Finally it is out. The
budget that is! And the good news is that its a sensible one. There are happy faces
all around and the best part is that, for once, there is an overwhelming majority of
people in the country who endorse the finance ministers budget.
Manmohan Singhs budget of 1991 was the path
breaking one which started the economic reforms rolling and successive budgets have
happily enough not reversed the trend.
One industry that is set to forge ahead, thanks to the
impetus given to it by the current budget, is the food processing industry. The budget has
provided that the food-processing sector including fruits drinks/preparations, pickle,
ketchup and the like would be completely exempted from excise duty. This is being done to
encourage the industry and reduce the wastage of fruits and vegetables in the country.
The major FMCG players involved in the production of
these products will undoubtedly heave a sigh of relief. These companies include FMCG giant
HLL, manufacturer of Kissan pickle, jam, ketchup and fruit punch, Nestle (Maggie ketchup
and pickle), Dabur (Real fruit juice), Pepsi (Tropicana fruit juice), Heinz (tomato
ketchup) and Marico (Sil jam).
Apart from this, the domestic tea and coffee industry
is also likely to benefit significantly from the budget, since the finance minister has
announced doubling of the customs duty on imported tea and coffee to 70 per cent from 35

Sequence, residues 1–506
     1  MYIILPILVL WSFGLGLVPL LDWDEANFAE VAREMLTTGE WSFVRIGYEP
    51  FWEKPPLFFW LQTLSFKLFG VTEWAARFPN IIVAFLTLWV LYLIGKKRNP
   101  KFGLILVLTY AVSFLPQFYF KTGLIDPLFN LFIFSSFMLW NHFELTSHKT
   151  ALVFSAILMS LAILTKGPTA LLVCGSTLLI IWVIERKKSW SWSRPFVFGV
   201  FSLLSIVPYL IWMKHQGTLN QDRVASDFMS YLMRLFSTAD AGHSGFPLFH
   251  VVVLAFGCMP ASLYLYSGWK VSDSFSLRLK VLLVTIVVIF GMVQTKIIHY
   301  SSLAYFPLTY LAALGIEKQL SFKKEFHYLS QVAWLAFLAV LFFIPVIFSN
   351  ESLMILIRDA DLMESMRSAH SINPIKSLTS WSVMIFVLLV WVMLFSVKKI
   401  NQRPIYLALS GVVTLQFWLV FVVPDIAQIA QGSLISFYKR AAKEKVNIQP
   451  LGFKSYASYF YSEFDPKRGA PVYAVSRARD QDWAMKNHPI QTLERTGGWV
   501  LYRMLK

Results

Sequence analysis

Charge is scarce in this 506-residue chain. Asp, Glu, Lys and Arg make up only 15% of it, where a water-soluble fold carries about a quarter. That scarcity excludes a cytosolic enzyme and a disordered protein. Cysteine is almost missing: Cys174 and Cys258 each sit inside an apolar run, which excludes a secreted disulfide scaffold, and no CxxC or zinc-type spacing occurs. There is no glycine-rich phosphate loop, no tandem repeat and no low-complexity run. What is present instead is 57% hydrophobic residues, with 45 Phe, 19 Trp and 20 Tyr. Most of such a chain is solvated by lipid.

percent. Also development allowance for tea plantations from the current 20 per cent to 40
per cent will give a major fillip to the sector. The sector has been facing stiff
competition from cheaper imports, and demand has remained sluggish.
Tata Tea, Hindustan Lever and Nestle will be the
biggest beneficiaries as result of this.
Most FMCG companies declined to talk on the budget for
now. However, according to analysts: "HLL will benefit the most. Dabur will be the
other major gainer as will Nestle since it has the highest percentage of sales in the food
Viewing the Budget positively, analysts said: "The
Budget has been a sensible one. It will be welcomed by all in the FMCG industry. Another
analyst commented that besides large FMCG companies the budget would also be a boon for
small-scale units in the food processing industry.
According to a market consultant, "The zero excise
duty is not a novel thing but had been done away with by previous governments. This
eventually burdened consumers with steep prices of the products. At least for a few years
now, it should keep the excise duty on this particular sector as it will help this
industry to grow.
An overview of the
food processing industry
Though India is the world''s second largest producer of
fruits and vegetables, hardly five percent of the produce is processed. India is the land
of spices producing all varieties worth over Rs. 3,500 crore ($900 million) amounting to
25-30 percent of the world production, which is processed for value-addition and export.
It grows 22 million tonnes of oilseeds covering most of the varieties. Other important
plantation products include tea, coffee, cocoa and cashew.
According to estimates, 30 per cent of the annual
produce of vegetables and fruits of India is wasted due to lack of preservation
facilities. This is equal to the annual produce of fruits and vegetables of the whole of
UK! This fact alone indicates the vast scope that exists in food processing technology in
terms of cold chains and food preservation industry.
The Indian food industrys sales turnover stood at
Rs 140,000 crore in the year 2000.
It is estimated that this industry requires about Rs
29,000 crore in investment over the next five years to create necessary infrastructure,